ProZ.com profile: https://www.proz.com/translator/62663

Tees for Translators

on Facebook: https://www.facebook.com/Tees4Translators/

on Instagram: https://www.instagram.com/tees4translators/

 

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Celebrating ten years of translators and interpreters coming together in Cardiff 2

For those not familiar, a ProZ.com powwow is an informal, local get-together of language professionals. Any ProZ.com member can propose and organize a powwow in their area. Since 2001, thousands of powwows have been held around the world, in 110 countries.

So far, 454 powwows have been held in 63 cities in the UK, with 3,748 attendees total. At least 50 of those powwows have been organized by Victoria Burns and Alexandra Chapman. This May 5th, Alexandra and Victoria are celebrating 10 years of powwows in Cardiff by holding — you guessed it — another powwow!

I asked Alexandra and Victoria to talk a bit about how the Cardiff powwows got started, what the experience has been like, and what benefits they have been able to see from coming together in person with colleagues. Here is what they had to say:


Celebrating ten years of powwows in Cardiff is a great opportunity to reflect on how far we’ve come. Vicky and I met at the first Cardiff powwow, which came about as a result of Cardiff-based translators Vicky and Trinidad Clares meeting at an earlier powwow in nearby Bristol, back in May 2008 and immediately hit it off. We had both started translating the previous year, Vicky full time after deciding to finally bite the bullet and leave her job in export sales and me more gradually as my daughter started playschool. We had both studied languages at school and university, shared a love of travelling and hoped that a powwow would offer social opportunities to enhance our more solitary professional lives. It did that and more!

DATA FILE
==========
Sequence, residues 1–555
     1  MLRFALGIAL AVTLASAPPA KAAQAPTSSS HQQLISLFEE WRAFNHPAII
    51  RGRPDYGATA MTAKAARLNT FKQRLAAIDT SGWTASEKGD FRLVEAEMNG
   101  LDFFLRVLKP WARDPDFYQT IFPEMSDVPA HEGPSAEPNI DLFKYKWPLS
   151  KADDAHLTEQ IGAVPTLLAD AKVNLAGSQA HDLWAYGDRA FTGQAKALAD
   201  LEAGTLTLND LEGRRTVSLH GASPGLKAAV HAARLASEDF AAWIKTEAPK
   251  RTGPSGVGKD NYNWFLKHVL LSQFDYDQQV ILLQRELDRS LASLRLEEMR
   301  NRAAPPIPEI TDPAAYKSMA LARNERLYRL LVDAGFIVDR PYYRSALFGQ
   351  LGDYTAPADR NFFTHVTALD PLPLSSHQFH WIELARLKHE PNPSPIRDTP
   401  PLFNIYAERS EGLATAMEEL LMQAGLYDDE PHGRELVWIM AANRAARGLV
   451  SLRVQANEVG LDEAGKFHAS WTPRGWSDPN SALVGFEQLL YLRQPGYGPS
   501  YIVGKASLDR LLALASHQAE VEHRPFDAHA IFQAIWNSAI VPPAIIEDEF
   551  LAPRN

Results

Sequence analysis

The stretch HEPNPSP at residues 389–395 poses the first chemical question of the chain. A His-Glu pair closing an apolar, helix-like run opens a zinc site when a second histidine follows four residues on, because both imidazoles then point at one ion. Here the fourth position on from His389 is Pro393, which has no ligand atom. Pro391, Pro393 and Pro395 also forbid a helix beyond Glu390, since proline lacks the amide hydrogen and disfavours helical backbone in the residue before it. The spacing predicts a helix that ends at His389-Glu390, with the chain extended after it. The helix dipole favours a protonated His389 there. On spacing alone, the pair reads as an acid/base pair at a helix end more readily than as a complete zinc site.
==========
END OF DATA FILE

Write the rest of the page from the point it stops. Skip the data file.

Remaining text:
To date we’ve organised over 50 powwows between us with other local translators organising at least another 50 in that time. We’ve had attendees from all over the world with a wide variety of language combinations and we’ve heard about powwows in other countries where minutes are taken or talks are given. Ours are more informal, usually a meal or drinks in a city centre bar or restaurant where we chat about current projects, share tips on translation issues and plan our next social gathering. We’ve grown into a group of fifteen or twenty regulars of many different nationalities and we’re joined by new people almost every time we meet, usually on the first Saturday of the month. There’s been a Christmas powwow every year and often a summer picnic. We’ve celebrated birthdays, weddings and baby showers, with more and more children joining the scene, not to mention Vicky’s dog Alfie. Recently, we even arranged a Mother’s Day powwow and brought our mums along! That’s something we may now find we have to make an annual event….

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We travel further afield together too, organising a bunkhouse weekend and camping on the Gower Peninsula and attending translation conferences in Berlin (ELIA), Brescia (MET) and Vienna (BP18). Regular powwow attendee Juliet Haydock owns a house in Capena, near Rome, and that’s become a regular destination for some sunshine and co-working.